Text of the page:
US 2890597 A
Description (OCR text may contain errors)
June 16, 1959 E. ALLGAIER 2,890,597
' DUAL CONTROL FOR AUTOMOBILES Filed July 14, 1955 s Sheets-Sheet 1 Filed July 14, 1955 3 Sheets-Sheet 2 INVENTOR ATTORNEY June 16, 1959 E. ALLGAiER DUAL CONTROL FOR AUTOMOBILES 3 Sheets-Sheet 3 Filed July 14, 1955 United States Patent T DUAL CONTROL FOR AUTOMOBILES Earl Allgaier, Arlington, Va. Application July 14, 1955, Serial No. 522,107
8 Claims. (Cl. 74562.5)
The present invention relates to dual control equipment for automotive vehicles, i.e., to those attachments which are installed in an automobile of conventional conautomobile driving instruction by putting the car at all times under the supervisory control of the instructor .who,
through the medium of the supplemental pedal or pedals provided by the attaclunent, is able to intervene and bring the car to a quick stop in the case of any emergency.
An objection to the best of the prior art dual control equipment with which I am acquainted is that it is, generally speaking, elaborate and cumbersome and requires fairly extensive modification of the existing automobile structure for its installation- This latter difficulty is not a particularly serious consideration when the equipment is to be permanently installed on an automobile that is continuously used by a driving school, but it substantially eliminates use of the equipment on a temporary basis, as by a parent, for example, who desires to instruct his son or daughter in the operation of the family car.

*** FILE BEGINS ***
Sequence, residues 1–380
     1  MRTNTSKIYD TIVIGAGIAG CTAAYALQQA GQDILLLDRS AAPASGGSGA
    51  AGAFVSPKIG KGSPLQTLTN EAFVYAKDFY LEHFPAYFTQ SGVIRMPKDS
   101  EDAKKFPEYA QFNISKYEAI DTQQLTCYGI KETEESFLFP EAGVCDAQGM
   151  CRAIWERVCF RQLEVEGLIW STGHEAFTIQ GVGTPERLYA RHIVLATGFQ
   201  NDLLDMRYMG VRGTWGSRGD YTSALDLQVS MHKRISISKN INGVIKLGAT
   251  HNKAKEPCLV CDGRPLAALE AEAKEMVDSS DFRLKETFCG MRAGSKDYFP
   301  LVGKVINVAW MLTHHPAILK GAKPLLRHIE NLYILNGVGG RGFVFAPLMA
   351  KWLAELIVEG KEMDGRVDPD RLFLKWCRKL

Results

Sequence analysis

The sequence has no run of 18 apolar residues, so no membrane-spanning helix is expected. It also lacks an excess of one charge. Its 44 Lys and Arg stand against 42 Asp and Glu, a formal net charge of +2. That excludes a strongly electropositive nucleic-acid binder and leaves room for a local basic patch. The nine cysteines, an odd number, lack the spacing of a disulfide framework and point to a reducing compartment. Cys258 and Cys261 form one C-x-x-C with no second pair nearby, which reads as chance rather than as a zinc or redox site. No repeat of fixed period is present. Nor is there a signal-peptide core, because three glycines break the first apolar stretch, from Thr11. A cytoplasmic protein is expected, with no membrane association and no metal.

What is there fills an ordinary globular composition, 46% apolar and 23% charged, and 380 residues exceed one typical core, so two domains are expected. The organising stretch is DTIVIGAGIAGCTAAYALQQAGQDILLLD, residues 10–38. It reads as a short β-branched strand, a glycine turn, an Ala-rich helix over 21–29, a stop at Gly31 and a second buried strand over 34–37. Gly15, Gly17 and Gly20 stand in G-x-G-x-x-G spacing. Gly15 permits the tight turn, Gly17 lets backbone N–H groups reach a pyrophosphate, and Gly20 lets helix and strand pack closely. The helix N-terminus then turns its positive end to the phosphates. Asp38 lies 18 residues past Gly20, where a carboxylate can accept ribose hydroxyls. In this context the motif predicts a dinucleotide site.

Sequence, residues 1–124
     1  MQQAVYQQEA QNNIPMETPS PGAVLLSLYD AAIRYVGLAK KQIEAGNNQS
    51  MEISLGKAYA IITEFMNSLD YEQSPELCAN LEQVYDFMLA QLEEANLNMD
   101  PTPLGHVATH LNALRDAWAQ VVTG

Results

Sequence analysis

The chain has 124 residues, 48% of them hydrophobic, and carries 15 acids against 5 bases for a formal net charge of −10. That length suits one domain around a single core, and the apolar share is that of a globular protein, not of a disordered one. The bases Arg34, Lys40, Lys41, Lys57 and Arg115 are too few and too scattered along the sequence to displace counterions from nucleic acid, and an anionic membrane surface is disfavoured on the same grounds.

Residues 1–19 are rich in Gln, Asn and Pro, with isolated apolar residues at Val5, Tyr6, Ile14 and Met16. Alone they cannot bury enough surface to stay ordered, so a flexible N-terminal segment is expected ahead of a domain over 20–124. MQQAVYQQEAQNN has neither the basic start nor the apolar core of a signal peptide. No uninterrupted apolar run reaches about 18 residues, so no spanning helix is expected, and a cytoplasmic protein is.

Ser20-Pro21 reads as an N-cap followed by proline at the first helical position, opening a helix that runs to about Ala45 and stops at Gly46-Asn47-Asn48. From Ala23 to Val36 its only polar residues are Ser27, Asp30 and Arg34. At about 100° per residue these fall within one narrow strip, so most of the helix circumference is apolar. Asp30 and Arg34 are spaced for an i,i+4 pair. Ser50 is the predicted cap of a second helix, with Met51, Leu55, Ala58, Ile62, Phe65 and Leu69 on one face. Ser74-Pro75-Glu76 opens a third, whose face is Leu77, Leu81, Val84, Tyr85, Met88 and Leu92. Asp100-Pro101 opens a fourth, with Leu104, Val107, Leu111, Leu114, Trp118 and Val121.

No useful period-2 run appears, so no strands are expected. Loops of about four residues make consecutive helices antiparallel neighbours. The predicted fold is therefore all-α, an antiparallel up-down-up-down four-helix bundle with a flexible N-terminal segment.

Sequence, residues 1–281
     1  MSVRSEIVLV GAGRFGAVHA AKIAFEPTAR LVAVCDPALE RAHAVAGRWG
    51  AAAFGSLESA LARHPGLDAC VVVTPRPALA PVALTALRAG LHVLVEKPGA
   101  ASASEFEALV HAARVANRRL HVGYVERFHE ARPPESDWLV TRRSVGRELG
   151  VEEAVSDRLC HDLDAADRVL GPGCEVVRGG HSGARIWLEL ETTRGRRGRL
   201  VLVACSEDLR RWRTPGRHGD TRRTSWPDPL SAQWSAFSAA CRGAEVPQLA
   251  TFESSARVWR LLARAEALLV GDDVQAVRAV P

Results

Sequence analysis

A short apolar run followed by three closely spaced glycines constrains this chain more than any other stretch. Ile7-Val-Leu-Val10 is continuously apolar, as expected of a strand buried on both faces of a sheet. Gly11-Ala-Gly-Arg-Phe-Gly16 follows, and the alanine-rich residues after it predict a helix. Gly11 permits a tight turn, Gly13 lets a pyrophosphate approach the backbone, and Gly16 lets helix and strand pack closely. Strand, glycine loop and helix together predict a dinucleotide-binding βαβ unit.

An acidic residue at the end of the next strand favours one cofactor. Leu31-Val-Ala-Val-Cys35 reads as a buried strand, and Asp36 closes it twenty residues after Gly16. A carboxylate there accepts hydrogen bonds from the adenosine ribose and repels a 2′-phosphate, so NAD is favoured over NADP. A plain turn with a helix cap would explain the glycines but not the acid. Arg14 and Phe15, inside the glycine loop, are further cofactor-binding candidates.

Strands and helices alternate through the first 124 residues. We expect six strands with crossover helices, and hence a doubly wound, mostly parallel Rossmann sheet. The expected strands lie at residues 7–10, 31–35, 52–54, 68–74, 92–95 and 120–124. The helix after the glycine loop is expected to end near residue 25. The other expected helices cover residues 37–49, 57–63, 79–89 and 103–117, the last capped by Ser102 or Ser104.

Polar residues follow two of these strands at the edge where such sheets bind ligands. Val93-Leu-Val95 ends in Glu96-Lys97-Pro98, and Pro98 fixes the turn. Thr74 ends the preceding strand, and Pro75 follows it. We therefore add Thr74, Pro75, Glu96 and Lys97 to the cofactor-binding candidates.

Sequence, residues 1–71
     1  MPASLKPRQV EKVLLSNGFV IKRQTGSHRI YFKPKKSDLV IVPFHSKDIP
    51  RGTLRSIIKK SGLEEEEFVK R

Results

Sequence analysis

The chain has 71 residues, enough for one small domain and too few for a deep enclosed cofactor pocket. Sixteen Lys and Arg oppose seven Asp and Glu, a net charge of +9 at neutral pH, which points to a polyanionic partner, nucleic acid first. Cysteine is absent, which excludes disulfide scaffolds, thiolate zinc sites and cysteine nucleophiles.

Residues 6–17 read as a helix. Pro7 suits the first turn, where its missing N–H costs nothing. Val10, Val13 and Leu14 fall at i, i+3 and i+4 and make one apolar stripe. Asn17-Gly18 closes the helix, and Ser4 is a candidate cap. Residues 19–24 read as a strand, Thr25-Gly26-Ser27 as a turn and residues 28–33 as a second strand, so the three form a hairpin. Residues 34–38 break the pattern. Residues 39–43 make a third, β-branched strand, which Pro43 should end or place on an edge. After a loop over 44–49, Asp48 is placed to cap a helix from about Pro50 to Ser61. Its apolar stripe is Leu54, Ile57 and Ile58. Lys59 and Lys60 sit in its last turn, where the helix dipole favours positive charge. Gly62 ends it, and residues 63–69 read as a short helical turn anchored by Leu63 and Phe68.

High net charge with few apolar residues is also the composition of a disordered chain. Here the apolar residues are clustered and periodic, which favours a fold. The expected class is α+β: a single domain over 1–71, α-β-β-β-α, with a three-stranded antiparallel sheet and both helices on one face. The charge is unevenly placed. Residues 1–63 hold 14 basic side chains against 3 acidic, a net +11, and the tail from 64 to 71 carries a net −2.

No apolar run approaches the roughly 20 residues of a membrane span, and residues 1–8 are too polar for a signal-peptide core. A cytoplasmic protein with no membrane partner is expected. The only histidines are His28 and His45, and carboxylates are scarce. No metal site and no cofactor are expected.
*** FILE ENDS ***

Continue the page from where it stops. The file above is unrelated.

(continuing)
The present invention is intended particularly to supply the present need for light, simple and entirely foolproof equipment that can be readily applied to and removed from practically any conventional automobile, so that it may be manufactured at low cost, and rented at a very low price for short term use as above suggested.
In the accompanying drawings the invention is illustrated in a certain preferred form of embodiment that has been thoroughly tested in use and found to be eminently satisfactory and which is here illustrated merely to exemplify the invention and not with any purpose of limiting the scope of the appended claims to any of the particular structure of the preferred embodiment.
In the accompanying drawings, which form part of this application for Letters Patent,
Figure l is a perspective view of the forward portion of the interior of a conventional automobile body showing the instrument board, floor board and operating controls, with apparatus constructed in accordance with the principles of the present invention applied.
Fig. 2 is a side elevational view of the-support member forming part of the new combination, with its supported bracket.
Fig. 3 is a similar view, taken at a right angle to the view of Fig. 2, showing in dotted lines the position of the rock shafts that are carried by the bracket and support member.
Fig. 4 is an enlarged view showing in side elevation an installation in an automobile having a control pedal extending through the floor board.
Patented June 16,, 1959 ICC Fig. 5 is a detailed view of the support member and bracket structure shown in Figs. 1-4 with, however, the bracket arranged to accommodate a different spacing re- 7 quirement.